Velocity Reviews > C++ > Problem with C++ operator for Vector

# Problem with C++ operator for Vector

Toto
Guest
Posts: n/a

 05-12-2006
Hello,
I've got a problem with the redefinition of operator in C++. My intent
is to create a TVector that internally work with __int64, with an
external interface of double in order to optimize the operations. The
double value put in input should be muliplied with factor 1e10, in
order to limit
the loss of precision and divided with the same quantity in output.
To make this, I've supposed to can modify the operator() for the access
at the singular element of a Vector.
My test Vector class is like this

class Vector
{
private:
__int64 *Array;
public:
inline __int64& TVector:perator()(byte Index) {if(Index>FDim) throw
Exception("Out of bound Exception");return
(__int64)Array[Index]*1e10;};
};

In the program:
double Value = 3.43;
Vector V(3);
V(1) = Value:// Internally V.Array[1] =3.43e10;
V(1)=V(1)+1;
Value = V(1); // Value=4.43;

Obviously the adopted solution does not work as I hope. Please, could
someone help me with any kind of advise? I hope to have explain in good
way the problem.

Victor Bazarov
Guest
Posts: n/a

 05-12-2006
Toto wrote:
> I've got a problem with the redefinition of operator in C++. My intent
> is to create a TVector that internally work with __int64, with an
> external interface of double in order to optimize the operations. The
> double value put in input should be muliplied with factor 1e10, in
> order to limit
> the loss of precision and divided with the same quantity in output.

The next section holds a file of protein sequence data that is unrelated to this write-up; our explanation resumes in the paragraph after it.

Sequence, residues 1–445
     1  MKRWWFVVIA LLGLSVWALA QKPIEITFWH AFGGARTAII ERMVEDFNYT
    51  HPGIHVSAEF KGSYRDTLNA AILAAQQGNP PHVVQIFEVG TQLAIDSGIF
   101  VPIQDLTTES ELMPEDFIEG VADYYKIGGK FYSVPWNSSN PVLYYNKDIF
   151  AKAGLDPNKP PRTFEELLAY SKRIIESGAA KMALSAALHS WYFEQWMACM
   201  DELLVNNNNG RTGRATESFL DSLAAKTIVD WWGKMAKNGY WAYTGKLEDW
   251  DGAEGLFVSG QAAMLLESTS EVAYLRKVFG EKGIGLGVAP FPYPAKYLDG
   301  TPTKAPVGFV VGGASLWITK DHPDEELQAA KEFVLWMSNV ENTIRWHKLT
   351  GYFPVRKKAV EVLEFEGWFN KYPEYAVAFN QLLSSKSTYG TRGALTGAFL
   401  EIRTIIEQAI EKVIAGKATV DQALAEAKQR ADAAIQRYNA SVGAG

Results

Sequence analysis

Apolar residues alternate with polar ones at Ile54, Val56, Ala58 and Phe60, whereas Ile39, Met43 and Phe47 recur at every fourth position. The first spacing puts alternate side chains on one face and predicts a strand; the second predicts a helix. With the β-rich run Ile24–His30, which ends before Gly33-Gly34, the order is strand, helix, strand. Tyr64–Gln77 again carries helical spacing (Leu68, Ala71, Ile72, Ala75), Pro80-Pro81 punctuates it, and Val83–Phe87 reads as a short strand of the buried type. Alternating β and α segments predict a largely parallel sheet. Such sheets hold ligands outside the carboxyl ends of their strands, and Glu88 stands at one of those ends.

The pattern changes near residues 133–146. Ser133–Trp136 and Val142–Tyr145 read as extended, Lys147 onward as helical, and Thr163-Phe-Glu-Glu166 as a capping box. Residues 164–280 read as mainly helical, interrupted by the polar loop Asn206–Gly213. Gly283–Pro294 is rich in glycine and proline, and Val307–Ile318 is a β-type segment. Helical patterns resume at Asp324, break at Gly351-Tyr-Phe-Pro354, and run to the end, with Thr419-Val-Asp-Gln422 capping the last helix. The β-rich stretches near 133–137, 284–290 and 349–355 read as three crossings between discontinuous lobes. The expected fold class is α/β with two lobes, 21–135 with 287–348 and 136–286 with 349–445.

> To make this, I've supposed to can modify the operator() for the
> access at the singular element of a Vector.
> My test Vector class is like this
>
> class Vector
> {
> private:
> __int64 *Array;
> public:
> inline __int64& TVector:perator()(byte Index) {if(Index>FDim) throw
> Exception("Out of bound Exception");return
> (__int64)Array[Index]*1e10;};

You can't expect it to work on the left side of an assignment operator.
You need something else there. Since you cannot expose the contents of
your 'Array' to the user (as you tried), you need to write proxy classes,
which will have assignment from a double expression and the conversion
from 'double':

struct proxy {
__int64& lvalue;
proxy(__int64& lv) : lvalue(lv) {}
void operator = (double d) {
lvalue = d * 1e10;
}
operator double () {
return lvalue / 1e10;
}
};

struct const_proxy {
__int64 lvalue;
const_proxy(__int64 lv) : lvalue(lv) {}
operator double () {
return lvalue / 1e10;
}
};

and make your Vector return an instance of 'proxy':

const_proxy operator()(byte Index) const {
if (Index >= FDim) throw Exception("...");
return const_proxy(Array[Index]);
}

proxy operator()(byte Index) {
if (Index >= FDim) throw Exception("...");
return proxy(Array[Index]);
}

> };
>
> In the program:
> double Value = 3.43;
> Vector V(3);
> V(1) = Value:// Internally V.Array[1] =3.43e10;
> V(1)=V(1)+1;
> Value = V(1); // Value=4.43;
>
>
> Obviously the adopted solution does not work as I hope. Please, could
> someone help me with any kind of advise? I hope to have explain in
> good way the problem.

You have. Now I hope I have explained the solution well.

V
--

Markus Becker
Guest
Posts: n/a

 05-13-2006
Hi,

Toto schrieb: